Hardest of all is to explain to him those wonderful idioms that we use.  Particularly when I remember how they used to drive me batty as a kid.  As a language, English is extraordinarily rich in wonderful, vivid phrases that make absolutely no sense if taken literally.  In fact, quite a lot of them seem to have a literal meaning exactly opposite their idiomatic or traditional meaning.

Remember A friend in need is a friend indeed?  (Personally, I’ve always agreed with “A friend in need is a pest.”)  That one drove me nuts until, years later, I discovered it was actually a corruption from its original meaning and should be A friend at need is a friend indeed.

Or another just like it:  I Could Care Less.  I still remember muttering to myself, “But if you could care less, then you must care a lot.”  Another corruption, it should be I couldn’t care less.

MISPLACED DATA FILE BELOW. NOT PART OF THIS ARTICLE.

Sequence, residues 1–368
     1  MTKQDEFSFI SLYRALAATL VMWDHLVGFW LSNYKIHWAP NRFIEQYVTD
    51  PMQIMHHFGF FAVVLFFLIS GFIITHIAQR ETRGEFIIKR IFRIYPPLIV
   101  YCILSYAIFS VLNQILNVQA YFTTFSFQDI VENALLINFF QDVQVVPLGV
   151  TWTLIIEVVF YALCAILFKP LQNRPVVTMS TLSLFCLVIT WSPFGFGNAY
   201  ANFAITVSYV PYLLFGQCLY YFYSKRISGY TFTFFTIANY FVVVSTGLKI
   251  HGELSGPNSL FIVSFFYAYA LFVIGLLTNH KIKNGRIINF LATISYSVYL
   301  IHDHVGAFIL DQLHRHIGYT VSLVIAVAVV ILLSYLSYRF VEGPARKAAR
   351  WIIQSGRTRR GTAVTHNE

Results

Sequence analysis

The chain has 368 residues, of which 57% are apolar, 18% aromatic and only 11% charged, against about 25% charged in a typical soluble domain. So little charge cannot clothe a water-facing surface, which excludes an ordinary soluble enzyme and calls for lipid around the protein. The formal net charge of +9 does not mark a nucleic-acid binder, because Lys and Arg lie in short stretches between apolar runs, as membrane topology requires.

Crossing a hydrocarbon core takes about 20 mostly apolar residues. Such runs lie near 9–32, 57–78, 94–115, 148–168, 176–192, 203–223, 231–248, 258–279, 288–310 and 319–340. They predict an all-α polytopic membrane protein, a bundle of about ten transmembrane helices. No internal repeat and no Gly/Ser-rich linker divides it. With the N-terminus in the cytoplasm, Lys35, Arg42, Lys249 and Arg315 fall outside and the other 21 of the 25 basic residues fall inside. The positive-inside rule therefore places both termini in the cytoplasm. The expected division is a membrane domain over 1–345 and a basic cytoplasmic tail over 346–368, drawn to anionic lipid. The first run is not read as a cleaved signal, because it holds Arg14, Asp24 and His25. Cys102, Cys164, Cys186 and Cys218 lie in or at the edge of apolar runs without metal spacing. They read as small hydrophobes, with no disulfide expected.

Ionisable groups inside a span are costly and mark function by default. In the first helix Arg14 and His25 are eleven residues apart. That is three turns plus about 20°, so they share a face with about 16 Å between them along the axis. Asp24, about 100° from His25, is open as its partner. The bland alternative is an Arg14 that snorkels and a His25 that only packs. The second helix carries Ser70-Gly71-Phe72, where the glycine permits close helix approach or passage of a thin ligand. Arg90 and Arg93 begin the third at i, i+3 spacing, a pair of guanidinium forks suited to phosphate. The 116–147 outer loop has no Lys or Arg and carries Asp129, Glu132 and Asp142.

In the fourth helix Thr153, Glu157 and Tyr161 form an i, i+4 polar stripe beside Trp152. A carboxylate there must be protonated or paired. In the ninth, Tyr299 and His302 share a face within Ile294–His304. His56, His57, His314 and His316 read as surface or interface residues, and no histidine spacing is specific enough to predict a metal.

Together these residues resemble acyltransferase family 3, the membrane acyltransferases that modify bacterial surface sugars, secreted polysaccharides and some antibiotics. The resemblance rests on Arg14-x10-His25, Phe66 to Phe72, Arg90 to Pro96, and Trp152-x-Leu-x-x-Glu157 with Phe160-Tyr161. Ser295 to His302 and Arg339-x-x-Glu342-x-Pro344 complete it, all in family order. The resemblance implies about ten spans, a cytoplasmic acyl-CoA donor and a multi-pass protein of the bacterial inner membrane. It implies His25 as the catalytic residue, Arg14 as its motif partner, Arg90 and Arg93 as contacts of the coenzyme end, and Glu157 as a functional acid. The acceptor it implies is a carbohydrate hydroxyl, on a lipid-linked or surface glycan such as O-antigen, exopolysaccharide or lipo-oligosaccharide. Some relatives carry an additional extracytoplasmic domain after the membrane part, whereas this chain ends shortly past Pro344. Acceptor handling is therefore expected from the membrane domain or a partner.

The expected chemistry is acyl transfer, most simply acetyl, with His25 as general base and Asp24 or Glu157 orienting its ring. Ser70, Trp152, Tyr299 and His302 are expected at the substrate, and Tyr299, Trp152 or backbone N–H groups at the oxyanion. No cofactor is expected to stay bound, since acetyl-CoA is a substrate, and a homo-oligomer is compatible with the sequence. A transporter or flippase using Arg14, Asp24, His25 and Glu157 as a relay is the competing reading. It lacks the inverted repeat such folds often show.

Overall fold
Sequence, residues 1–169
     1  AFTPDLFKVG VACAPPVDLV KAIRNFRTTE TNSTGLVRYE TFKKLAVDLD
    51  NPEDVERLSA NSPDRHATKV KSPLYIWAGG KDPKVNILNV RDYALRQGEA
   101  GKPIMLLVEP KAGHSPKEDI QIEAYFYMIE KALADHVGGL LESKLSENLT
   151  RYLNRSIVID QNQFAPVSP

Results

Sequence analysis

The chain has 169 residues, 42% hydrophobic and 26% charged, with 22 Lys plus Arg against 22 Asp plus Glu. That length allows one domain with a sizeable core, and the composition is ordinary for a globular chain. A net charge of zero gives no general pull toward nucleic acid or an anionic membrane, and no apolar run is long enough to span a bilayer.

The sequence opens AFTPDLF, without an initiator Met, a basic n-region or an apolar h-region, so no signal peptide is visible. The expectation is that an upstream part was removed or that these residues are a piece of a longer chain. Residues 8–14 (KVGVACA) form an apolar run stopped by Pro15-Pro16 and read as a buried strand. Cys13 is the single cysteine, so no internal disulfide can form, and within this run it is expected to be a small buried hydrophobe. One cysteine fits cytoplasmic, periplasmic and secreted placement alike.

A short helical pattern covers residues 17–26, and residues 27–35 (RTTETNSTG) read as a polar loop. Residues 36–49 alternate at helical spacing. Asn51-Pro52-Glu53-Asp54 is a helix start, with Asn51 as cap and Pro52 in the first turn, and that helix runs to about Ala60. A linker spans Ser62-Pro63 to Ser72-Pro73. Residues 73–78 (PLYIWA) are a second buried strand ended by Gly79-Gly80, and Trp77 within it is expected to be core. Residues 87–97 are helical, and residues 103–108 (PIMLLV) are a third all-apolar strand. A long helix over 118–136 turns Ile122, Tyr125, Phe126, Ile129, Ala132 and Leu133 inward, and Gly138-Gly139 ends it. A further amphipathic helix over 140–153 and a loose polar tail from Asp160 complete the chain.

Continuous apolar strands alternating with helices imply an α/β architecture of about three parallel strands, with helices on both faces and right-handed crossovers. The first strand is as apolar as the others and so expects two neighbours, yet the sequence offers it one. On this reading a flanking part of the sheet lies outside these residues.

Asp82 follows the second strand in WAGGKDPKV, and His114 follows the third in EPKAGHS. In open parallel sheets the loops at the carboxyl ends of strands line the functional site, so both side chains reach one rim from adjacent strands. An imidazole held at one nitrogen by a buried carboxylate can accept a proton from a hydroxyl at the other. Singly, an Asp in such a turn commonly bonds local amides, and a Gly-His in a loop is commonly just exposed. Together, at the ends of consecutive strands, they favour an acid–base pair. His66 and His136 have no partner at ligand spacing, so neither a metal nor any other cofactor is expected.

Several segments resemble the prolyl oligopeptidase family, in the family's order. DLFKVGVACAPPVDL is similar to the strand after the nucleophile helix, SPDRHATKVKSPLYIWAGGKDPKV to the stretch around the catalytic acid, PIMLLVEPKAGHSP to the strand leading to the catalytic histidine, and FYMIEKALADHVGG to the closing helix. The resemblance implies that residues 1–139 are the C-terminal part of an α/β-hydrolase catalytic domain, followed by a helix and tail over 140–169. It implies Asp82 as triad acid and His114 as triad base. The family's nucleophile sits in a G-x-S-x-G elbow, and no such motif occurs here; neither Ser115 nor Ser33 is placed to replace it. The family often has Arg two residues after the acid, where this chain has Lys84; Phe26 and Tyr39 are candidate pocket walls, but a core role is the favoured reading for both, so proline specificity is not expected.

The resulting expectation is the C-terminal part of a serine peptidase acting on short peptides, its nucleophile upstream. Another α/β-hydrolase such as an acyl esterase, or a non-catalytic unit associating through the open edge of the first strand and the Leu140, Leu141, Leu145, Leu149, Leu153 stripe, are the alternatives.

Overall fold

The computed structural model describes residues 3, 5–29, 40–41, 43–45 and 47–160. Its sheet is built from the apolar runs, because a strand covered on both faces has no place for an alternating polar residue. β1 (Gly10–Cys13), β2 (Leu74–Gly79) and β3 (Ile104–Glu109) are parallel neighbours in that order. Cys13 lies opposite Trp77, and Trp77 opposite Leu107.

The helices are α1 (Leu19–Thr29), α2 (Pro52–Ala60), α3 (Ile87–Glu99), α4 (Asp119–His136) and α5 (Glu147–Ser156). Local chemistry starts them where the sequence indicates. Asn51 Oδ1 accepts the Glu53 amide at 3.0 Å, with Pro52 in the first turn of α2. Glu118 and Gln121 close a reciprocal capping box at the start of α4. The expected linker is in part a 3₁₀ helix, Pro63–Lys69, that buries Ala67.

Like unsolvable puzzles, these idioms have become nonsense phrases to trap the newcomer of any age.

Still others that I remember struggling  over turned out to be sort of shaggy dog stories, apparently simply designed to confuse the young and uninitiated.  I remember puzzling long and hard over one of my dad’s favorites:  Oh, it’s just six of one or half dozen of the other…Say what?

But back to the original idiom (and ignoring the use of “were” with the singular noun “money”).  I decided the key to its meaning clearly lies in the word “object.”  Obviously, it can’t mean what it seems to mean, that money suddenly ceases to be an object in your world.  I figured they must be using “object” with another meaning.